Through workshops and persona and experience mapping, we worked to understand more about Virgin Media’s recruitment process and candidate experience, which allowed us to uncover the company’s value proposition. Why? Because people are at the heart of any value proposition. We then created a site designed to guide candidates through the hiring journey in a way that communicated Virgin Media’s value proposition and offered a targeted, improved candidate experience.
Employer branding occurs regardless of whether you’re working to strategically craft and shape it. That said, it’s crucial to invest time and energy into your employer brand strategy to avoid ending up watching as talented folks walk away — and the most promising replacements join your competitors.
Launching an Employer Brand to Mitigate Talent Migration
Building your strategy and shaping your employer brand isn’t possible without clarity, conviction, and intention. The following suggestions can help you get started:
1. Concentrate on precision when considering your preferred reputation
An employer brand is made up of several components, including your business reputation as an employer. Although you can’t predict or control everything said about your company, you can actively influence the conversation. The trick is picking specific attributes you’d like your business to be known for and then purposely reflecting those attributes in your employer brand.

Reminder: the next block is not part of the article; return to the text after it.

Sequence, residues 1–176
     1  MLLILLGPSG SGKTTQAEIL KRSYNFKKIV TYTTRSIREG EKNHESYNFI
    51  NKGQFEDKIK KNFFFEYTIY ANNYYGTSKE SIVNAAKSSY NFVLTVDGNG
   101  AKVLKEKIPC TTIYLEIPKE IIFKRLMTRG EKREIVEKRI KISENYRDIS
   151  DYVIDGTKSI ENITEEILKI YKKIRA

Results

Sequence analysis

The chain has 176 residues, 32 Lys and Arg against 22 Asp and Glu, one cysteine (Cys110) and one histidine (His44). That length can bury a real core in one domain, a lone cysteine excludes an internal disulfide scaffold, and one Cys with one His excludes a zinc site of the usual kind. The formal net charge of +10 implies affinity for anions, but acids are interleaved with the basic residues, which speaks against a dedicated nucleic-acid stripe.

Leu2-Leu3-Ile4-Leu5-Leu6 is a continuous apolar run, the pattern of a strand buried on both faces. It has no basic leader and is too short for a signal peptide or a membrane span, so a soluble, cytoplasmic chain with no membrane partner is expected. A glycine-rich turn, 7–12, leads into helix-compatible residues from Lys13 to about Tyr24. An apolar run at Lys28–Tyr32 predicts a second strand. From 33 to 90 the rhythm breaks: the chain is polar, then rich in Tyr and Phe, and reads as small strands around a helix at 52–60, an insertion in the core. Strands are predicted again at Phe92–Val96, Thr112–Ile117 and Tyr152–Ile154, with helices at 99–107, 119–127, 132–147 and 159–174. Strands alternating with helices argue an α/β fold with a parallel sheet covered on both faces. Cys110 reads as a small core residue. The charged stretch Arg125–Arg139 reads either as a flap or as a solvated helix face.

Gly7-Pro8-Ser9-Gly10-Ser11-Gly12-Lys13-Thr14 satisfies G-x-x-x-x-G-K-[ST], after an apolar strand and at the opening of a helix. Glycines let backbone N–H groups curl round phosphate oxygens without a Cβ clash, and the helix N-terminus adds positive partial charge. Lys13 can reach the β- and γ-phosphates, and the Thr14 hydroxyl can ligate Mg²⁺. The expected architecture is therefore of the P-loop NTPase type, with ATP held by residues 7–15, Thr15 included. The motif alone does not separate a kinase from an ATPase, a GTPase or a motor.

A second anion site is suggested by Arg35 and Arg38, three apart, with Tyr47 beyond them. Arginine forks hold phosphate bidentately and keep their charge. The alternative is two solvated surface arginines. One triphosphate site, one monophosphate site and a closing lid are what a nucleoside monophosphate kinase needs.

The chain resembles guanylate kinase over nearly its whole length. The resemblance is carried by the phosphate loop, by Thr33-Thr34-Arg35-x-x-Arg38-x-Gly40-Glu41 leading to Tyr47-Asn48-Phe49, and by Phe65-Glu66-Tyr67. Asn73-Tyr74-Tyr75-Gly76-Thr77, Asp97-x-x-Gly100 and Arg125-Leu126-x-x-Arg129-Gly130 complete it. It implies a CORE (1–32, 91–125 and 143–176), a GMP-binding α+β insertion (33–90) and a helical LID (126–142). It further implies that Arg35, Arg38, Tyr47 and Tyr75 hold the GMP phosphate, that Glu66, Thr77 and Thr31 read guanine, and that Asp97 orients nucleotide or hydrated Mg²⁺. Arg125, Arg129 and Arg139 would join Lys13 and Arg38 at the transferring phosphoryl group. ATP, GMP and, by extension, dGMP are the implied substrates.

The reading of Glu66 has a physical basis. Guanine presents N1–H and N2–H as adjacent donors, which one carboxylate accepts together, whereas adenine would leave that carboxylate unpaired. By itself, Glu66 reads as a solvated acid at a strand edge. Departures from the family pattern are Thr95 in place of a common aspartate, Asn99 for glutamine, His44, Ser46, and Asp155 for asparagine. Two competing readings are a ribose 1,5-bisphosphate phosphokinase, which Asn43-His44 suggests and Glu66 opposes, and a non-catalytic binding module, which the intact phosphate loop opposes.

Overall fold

Don’t say something vague like, “We want to be the best in our field.” Why do you want that? And a phrase like “the best” isn’t tangible. Instead, think about what you specifically would like people to think about when your brand comes up. Do you want to be known as the tough employer who ultimately makes hard work worth the investment with growth opportunities? Or the employer that might have less upward trajectory but can offer incredible people and passion? Consider what would serve your overall business strategy best, focusing on those attributes rather than any generic alternatives.
2. Be bold in your employer branding premise and promise
You don’t want to have a brand so lukewarm that anyone and everyone applies to join your organization — volume alone is not your friend. Your employer branding should have a “repel-compel” effect. By design, it should repel the wrong people from applying to be part of your team and compel those who will align with your vision. The challenge some people relish should be the barrier others avoid.
Could you potentially lose some applicants if your employer brand seems overpowering or too distinct? Possibly. But if your employer brand is basic and indistinct, you lose the opportunity to build a strong, tangible culture that people are proud to embrace and eager to discuss on your behalf.